It is often the case that when a policy is observed as effective in one city, state or country, other governmental bodies will adopt that policy, or some iteration of it, because they have already had the benefit of witnessing the policy experiment in action. Political scientists call the phenomenon policy diffusion and it usually applies to like units when they share information at conferences and use other traditional means of policy knowledge transfer (i.e cities with cities, states with states, etc.).
But what do they call it when a policy adopted in one major city then spurs the creation of a business and a market solution to an environmental problem in a city 3,000 miles away? I'm not sure there's a name for that yet, but it's exactly what happened in the case of New Hampshire entrepreneur Rian Bedard. After Bedard moved from San Francisco where composting is required by law. Taking what he knew about the San Francisco program, Bedard was inspired to try to bring curbside composting to the Portsmouth, New Hampshire area. And in November, he and a friend started the company EcoMovement.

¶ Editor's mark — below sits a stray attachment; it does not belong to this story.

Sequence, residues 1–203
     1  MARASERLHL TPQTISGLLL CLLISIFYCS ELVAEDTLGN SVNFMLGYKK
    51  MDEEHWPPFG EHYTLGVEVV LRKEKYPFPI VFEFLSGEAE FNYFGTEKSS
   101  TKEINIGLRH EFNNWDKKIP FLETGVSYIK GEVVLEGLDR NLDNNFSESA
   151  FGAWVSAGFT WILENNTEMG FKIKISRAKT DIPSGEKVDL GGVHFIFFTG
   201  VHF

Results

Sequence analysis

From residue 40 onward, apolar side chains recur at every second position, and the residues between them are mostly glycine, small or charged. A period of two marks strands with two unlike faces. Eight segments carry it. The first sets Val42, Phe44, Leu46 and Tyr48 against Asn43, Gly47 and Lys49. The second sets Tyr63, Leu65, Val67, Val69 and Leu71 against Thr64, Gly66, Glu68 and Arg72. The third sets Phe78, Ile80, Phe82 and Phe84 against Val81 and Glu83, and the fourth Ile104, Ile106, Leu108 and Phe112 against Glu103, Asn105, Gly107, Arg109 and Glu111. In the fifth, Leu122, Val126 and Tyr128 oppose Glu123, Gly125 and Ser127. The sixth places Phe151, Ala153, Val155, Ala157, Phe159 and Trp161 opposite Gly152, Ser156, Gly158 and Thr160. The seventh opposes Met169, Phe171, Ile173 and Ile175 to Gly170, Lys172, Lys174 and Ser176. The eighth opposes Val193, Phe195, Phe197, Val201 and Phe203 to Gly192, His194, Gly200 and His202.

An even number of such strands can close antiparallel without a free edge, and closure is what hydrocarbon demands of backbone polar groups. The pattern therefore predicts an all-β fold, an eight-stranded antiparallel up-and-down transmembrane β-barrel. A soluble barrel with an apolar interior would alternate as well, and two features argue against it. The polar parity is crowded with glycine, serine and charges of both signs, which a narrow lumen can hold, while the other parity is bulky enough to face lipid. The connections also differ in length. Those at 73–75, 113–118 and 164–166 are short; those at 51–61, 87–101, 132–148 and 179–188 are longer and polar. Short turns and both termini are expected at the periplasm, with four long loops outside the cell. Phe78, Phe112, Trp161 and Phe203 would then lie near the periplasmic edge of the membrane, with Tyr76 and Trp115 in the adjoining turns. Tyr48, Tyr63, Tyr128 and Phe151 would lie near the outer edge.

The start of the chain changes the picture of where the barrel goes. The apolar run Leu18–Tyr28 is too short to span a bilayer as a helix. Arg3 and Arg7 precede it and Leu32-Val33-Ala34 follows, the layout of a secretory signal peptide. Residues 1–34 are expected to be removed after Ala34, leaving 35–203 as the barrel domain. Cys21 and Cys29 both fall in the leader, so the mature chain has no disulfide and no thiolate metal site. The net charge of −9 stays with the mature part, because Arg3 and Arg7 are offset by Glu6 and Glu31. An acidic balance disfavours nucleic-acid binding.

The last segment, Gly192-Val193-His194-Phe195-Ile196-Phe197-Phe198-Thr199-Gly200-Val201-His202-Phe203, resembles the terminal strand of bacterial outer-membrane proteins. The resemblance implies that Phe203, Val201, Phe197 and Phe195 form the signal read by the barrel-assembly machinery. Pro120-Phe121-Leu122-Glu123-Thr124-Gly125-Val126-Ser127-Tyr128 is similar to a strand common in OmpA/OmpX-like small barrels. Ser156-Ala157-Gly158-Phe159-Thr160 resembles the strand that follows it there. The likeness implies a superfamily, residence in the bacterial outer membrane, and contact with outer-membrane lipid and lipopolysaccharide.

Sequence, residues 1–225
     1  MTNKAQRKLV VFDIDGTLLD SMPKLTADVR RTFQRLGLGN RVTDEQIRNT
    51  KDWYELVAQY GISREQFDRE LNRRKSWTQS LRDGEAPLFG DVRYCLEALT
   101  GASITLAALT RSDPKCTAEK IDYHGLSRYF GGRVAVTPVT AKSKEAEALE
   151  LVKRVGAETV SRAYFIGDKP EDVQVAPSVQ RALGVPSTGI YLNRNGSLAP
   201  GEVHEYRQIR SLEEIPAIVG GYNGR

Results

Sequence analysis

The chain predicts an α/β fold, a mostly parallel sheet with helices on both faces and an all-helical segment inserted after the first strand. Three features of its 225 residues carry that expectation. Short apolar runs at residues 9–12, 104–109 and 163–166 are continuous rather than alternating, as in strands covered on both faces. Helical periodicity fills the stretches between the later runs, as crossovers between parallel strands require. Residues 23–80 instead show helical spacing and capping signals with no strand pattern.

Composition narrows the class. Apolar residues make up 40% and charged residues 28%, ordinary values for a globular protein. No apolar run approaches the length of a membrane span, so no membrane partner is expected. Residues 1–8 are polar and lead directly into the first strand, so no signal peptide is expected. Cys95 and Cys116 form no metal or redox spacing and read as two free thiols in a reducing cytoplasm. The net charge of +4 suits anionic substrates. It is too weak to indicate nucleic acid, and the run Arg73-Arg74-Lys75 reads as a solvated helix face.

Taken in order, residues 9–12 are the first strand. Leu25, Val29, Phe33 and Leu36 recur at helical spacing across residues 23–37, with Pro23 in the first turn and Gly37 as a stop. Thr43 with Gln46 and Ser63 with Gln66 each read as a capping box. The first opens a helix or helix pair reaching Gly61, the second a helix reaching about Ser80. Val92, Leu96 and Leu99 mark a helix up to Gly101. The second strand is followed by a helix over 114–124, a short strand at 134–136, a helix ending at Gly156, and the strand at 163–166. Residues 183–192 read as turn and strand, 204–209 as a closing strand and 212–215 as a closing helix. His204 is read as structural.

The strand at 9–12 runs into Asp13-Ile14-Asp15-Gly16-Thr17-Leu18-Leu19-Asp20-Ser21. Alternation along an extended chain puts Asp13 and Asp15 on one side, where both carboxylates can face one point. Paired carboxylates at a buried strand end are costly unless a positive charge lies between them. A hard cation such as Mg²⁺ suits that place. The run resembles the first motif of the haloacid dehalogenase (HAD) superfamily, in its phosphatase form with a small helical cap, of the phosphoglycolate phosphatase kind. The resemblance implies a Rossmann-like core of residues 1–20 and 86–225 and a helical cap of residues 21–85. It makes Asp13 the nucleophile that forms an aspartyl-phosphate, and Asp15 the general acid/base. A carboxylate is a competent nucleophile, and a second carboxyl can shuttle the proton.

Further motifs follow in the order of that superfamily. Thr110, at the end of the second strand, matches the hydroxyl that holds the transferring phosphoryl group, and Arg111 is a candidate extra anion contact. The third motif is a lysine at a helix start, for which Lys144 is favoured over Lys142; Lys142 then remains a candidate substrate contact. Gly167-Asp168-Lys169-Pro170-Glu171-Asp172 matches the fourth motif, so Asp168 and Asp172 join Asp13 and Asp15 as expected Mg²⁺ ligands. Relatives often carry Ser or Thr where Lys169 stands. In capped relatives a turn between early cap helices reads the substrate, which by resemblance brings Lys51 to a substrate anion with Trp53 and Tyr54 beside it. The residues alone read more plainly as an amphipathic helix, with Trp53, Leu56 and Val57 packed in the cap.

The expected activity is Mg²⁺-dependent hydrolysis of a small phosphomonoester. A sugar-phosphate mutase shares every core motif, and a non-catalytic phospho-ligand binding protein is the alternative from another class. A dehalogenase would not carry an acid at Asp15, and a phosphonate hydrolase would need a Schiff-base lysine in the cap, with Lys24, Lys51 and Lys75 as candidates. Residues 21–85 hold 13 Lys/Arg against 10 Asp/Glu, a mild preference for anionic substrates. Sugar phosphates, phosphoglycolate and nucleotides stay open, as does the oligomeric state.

EcoMovement hauls only their clients’ compostable waste, leaving garbage and recycling to the local hauler, Waste Management. They then take those organics to two local facilities, where they are composted, turned into valuable soil amendments and sold to landscapers and farmers. Restaurants pay based on the amount of waste they produce.
"We try to reduce the rate, because we think it’s unbelievable what most of the companies are charging," Bedard told National Public Radio. "And we want people to be incentivized, not only by the cost savings, but by doing this for the environmental reasons. So we just looked at their overall costs and reduced it by 15 to 20 percent."
The more successful EcoMovement becomes, the less money the local hauler, Waste Management, will make. But company officials maintained that they do not view EcoMovement as competition.
In fact, Waste Management's Bay Area composting program in the Bay Area is essentially what Bedard modeled his New Hampshire business after, with one key difference. Waste Management's massive commercial composting operations in California were a direct result of state and local policy drivers -- the regulatory landscape mandated it.
In EcoMovement's case, there are no laws on the books requiring restaurants to compost and as a result, the startup currently has about 30 businesses under contract for compost removal. But as long as they offer to haul compost for a price point that is less than the previous arrangement, the company will continue to grow, policy drivers or not.
[Disclosure: Timothy Hurst has been a paid writer at Waste Management for other projects but received no compensation for this post.]